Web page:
This painting I completed with oil pastels on canvas. The scene is a small group of several old apple trees located on acreage in my neighborhood. I can almost create this scene my memory since I drive and walk pass it almost every day while on an outing.

Early morning sunrise

I was fortunate to photograph the morning sun as its strikingly brilliant rays slowly peeked up behind the dark landscape during my early morning walk. The rising sun had not yet reached the top of the distant tree tops to cast its light onto the fields and foliage. The dark shapes against the stark light was striking and I couldn’t let the scene escape my memory, the reason for capturing it with my camera.

This morning, I picked the same scene from my collection of photos and decided it would be a challenge to paint it with my oil pastels which are much more forgiving than the watercolors, my normal use for sketches. Each time I paint with the pastels is a total experiment in learning with usage, spreading, mixing colors and values.

Early morning sun rays on Maxwelton valley

Our garden shed on a summer day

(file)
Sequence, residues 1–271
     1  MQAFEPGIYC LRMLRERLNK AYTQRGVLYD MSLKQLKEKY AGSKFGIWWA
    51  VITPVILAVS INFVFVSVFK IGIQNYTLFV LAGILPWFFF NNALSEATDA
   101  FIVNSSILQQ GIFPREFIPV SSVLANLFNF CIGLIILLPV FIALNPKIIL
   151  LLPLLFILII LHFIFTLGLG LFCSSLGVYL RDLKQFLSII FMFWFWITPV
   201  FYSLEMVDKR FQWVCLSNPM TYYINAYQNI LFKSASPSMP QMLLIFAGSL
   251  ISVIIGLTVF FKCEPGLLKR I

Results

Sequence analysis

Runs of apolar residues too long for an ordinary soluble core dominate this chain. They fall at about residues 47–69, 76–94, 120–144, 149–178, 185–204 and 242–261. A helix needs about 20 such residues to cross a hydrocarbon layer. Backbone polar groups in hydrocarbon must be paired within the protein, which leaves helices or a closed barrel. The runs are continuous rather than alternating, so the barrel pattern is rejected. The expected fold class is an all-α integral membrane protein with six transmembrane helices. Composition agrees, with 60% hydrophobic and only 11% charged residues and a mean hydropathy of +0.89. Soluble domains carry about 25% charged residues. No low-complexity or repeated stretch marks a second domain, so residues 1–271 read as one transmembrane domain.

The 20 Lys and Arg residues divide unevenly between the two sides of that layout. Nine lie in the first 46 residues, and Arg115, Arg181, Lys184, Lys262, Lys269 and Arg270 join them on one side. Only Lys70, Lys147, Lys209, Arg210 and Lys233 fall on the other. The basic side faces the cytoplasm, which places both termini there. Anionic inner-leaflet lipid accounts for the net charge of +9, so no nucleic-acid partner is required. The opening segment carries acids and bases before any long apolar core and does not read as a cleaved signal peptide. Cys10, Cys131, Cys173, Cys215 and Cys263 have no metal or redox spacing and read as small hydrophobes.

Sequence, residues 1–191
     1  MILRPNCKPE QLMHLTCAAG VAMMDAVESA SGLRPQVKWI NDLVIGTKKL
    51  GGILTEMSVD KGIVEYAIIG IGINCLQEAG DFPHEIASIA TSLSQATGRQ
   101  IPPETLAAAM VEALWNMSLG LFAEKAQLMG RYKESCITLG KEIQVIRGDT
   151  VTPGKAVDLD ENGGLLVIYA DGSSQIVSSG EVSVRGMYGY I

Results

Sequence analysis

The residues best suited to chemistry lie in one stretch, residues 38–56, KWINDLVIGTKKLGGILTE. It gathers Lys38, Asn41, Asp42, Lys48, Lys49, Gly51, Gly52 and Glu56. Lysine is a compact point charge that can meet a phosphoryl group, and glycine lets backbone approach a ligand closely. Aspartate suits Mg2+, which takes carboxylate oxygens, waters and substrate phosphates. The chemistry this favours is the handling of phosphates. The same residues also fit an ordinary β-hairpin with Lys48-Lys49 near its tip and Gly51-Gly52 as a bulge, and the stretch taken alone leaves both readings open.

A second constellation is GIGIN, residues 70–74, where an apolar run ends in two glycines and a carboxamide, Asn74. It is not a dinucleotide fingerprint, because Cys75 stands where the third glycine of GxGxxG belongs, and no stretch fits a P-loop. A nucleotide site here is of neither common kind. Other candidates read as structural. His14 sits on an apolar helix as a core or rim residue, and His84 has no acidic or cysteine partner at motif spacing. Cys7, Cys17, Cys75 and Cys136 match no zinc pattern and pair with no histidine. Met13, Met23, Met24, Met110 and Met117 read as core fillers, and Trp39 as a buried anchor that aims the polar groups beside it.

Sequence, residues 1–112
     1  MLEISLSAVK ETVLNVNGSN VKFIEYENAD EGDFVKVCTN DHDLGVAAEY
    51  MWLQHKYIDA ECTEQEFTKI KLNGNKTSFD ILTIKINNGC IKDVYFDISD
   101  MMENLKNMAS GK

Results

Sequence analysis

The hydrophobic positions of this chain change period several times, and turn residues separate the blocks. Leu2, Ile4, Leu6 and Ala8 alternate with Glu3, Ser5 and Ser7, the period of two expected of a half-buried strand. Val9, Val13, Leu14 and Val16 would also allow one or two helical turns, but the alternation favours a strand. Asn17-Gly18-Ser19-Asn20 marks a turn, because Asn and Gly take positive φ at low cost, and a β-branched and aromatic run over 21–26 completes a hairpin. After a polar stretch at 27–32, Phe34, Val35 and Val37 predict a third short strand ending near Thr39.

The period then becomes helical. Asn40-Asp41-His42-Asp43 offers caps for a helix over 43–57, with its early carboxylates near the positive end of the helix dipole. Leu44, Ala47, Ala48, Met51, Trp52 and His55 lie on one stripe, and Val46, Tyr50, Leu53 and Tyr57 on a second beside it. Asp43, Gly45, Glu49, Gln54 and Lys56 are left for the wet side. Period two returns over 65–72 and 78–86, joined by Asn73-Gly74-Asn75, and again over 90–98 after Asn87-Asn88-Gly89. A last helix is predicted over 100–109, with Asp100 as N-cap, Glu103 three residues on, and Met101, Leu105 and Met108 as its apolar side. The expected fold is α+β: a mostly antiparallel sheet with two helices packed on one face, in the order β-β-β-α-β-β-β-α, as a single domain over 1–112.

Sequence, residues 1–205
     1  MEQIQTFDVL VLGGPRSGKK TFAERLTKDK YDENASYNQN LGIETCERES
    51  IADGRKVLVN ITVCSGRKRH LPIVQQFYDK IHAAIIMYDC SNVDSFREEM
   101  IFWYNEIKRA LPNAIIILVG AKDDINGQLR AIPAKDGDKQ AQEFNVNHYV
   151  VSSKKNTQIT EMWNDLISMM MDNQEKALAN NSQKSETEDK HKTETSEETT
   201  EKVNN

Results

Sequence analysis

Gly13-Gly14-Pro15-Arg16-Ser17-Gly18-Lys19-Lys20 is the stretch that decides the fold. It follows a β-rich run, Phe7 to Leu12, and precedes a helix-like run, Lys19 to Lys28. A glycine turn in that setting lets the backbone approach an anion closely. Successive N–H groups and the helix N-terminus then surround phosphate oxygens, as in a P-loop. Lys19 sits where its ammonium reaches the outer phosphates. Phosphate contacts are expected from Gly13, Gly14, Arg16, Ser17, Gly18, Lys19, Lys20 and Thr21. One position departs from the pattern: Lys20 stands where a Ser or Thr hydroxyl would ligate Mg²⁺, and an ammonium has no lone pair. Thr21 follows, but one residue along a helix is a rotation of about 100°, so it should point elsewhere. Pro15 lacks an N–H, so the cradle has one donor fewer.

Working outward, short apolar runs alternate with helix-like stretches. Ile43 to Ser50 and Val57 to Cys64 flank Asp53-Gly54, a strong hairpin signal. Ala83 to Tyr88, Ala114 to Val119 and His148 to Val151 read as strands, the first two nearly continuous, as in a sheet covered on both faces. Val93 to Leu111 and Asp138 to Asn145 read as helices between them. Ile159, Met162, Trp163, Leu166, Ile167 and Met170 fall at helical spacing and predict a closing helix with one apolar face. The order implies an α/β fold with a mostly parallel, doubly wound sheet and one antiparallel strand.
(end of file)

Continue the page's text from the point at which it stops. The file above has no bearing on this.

This oil painting of our garden shed, I did from a photo taken during last summer’s long dry season. In the real life it is my favorite spot throughout all our other plants and native landscape: It is in a location away from the tall evergreens where the sun lays its rays upon the soil to warm the earth for flowering plants and vegetables to produce; plus, it is in constant change during the growing season. The shed is cedar board/batten that Bill constructed many years ago for garden tools and the entrance into our fenced vegetable garden. That is the part I love most about this garden shed. I can stand inside the shed, lean on the gate to the garden for several minutes while being protected from the sun to enjoy the summer’s warmth and watch the vegetables grow. It is so relaxing and satisfying to see all the greens slowly appear from a pencil point size seed to this eclectic assortment of tasty nutritious food. Nature is amazing!